When I read a book, I am always looking for a new idea – something I can latch onto and carry into my life. At first, this book seemed like a hard read – trying to grasp concepts while (it seemed to me) the author jumped around all over the place. There didn’t seem to be much continuity in it. And then, it hit me at about chapter 6 – is the author deliberately trying to create for me, the reader, a quantum leap in discontinuity to produce a quantum leap in creativity? Could the author be that ingenious, or did it just happen that way, and does it happen that way for everybody who reads it, or just for me?
This book is about how everyday people like you and I can have on a fairly consistent basis, the experience of quantum leaps in creativity. Yes, he speaks about archetypes and universal mind and esoteric things like that, but he also gives a blueprint to have insights similar to those great minds of history like Einstein and Tesla and Picasso.
This is not a book you can read in one sitting, this book needs to be percolated. With the Book Nook at Hay House, part of the agreement is to post a book review within a month of receiving the free book. I can normally read a book in a day, and with this book, I knew I was in big trouble. And truthfully, I thought I was doomed to never post a review – I thought this book was the end of my career in book reviewing! I didn’t even want to read it.....until I got to my a-ha moment. Then I couldn’t stop thinking about it. And low and behold, life got in the way and some obligations I committed myself to snuck up on me in Chapter 7 - just when I was about to learn The Technique! And I had to put the book down and attend to life. And then a strange thing happened. I was living my ordinary everyday life looking for discontinuity and expecting another quantum leap in creativity, another a-ha moment. Goswami says an a-ha moment is defined by “ecstasy and surprise, the discontinuity of creativity comes with another telling characteristic: certainty. Do you remember an occasion when a sudden insight revealed the solution to a problem? Now compare the quality of your certainty on that occasion with a time when you relied on only reason, and you will see what I mean.” Wouldn’t it be nice if all solutions came that easy?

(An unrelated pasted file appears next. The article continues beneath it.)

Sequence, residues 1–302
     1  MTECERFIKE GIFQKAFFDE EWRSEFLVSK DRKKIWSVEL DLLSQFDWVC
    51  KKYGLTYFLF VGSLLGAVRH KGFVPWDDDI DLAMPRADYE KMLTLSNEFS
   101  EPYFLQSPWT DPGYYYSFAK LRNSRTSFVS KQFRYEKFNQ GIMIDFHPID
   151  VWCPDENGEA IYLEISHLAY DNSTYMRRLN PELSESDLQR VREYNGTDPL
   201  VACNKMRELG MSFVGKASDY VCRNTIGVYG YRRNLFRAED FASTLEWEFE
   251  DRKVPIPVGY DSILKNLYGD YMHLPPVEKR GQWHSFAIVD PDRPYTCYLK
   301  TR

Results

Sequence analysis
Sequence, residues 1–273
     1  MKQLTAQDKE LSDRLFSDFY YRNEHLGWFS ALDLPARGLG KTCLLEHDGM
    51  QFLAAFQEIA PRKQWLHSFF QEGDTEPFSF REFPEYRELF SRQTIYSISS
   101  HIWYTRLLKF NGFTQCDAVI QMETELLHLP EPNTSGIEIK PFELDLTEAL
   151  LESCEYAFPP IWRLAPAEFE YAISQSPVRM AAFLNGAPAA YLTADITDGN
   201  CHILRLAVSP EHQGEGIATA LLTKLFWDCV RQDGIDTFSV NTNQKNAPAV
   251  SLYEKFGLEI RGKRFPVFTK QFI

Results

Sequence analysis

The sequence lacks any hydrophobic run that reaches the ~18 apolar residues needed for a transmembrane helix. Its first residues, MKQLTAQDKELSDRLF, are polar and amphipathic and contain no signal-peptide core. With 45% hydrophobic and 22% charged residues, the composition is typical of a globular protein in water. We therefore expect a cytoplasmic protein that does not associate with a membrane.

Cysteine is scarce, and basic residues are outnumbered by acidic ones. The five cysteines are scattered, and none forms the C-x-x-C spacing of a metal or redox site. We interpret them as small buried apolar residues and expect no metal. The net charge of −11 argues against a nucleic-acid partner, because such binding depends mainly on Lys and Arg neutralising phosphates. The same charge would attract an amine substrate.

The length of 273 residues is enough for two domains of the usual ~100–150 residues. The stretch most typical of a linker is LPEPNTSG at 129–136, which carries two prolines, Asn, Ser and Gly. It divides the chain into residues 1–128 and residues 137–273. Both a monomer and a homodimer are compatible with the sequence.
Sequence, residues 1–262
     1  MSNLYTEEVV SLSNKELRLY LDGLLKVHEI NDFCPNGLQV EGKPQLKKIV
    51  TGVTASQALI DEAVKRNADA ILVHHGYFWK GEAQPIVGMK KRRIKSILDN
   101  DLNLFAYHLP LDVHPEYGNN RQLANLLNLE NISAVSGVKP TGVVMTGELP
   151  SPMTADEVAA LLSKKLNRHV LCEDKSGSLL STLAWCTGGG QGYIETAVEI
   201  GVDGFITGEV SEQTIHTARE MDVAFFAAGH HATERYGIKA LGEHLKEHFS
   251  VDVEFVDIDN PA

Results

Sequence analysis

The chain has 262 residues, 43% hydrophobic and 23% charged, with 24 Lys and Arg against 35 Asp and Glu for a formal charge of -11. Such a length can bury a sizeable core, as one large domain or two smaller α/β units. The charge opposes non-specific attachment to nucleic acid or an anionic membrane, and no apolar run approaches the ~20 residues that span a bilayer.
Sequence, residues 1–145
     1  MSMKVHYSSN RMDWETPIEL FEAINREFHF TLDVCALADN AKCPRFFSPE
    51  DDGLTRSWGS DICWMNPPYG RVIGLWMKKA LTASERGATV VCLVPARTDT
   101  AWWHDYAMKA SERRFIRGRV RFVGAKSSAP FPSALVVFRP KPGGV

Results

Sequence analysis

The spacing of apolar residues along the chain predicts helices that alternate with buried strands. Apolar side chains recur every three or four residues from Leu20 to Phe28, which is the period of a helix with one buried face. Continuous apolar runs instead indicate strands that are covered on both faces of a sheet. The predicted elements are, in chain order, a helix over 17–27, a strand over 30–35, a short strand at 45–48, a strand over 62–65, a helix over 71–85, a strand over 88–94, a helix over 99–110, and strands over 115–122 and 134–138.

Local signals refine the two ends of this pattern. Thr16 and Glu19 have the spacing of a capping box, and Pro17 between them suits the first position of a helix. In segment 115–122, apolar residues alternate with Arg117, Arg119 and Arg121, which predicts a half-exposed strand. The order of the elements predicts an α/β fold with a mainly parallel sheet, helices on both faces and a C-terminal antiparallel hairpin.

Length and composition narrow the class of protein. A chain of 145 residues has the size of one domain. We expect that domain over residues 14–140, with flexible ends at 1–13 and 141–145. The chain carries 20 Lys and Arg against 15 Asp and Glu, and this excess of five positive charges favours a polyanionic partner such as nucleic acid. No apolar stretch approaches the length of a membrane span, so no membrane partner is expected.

Don’t let the size of this little gem fool you. At 220 pages of solid reading material, it packs tons of information into it. One of the main concepts to creative quantum thinking is what Goswami calls do-be-do-be. This is the act of doing and then just being, allowing the information discovered in the “do” stage to be digested by our subconscious in the “be” stage. In our day and age of multi tasking and trying to get everything done at once, this concept goes directly against what we have been conditioned to strive for. Perhaps that’s why we find it difficult to access our higher intelligence when we need it – it can’t be heard over the activity! While reading this book, I definitely found the best way to digest all the information was to read and then let it sit, read and let it sit, exactly how Goswami suggests we let creativity have a voice in our lives. Profound concepts are discussed in detail with scientific evidence and many anecdotes to support them, giving us, the readers, a blueprint on how to cultivate creativity in our own lives. And probably the most important concept is – why do we want to cultivate creativity in our lives? Goswami explains that to truly be happy, we must surrender to the quantum universe and let it manifest in our everyday lives, not just “peak performances” , as has been suggested by other authors. By getting into the “flow” of the quantum universe, we fulfill our true calling to this lifetime and experience “heaven on earth”.
Not only does Goswami leave us with a burning desire to experience this flow, he actually lays out a plan of how to do that. The Seven Practises, page 200, are not so daunting that you’ll never start. What’s so hard about day dreaming?! Interesting enough, I immediately thought about children and how we have them busy “doing”. Soccer, dance, gymnastics, band practise, school, chores.....when do they get the chance to “be”? And I’m not talking about letting them watch TV or play on their electronic devices, but just let them be with themselves. We are really doing our children a disservice by not teaching them the value of their own quiet company and the power of day dreaming.
There are so many thought provoking themes running through this work that it’s impossible to give you a good taste in a book review. This needs to be savored over and enjoyed like a good meal with great friends. No matter where you’re at, there is something in here that applies. Amit Goswami’s Quantum Creativity spoke to me on a deep level and I know it will speak to you.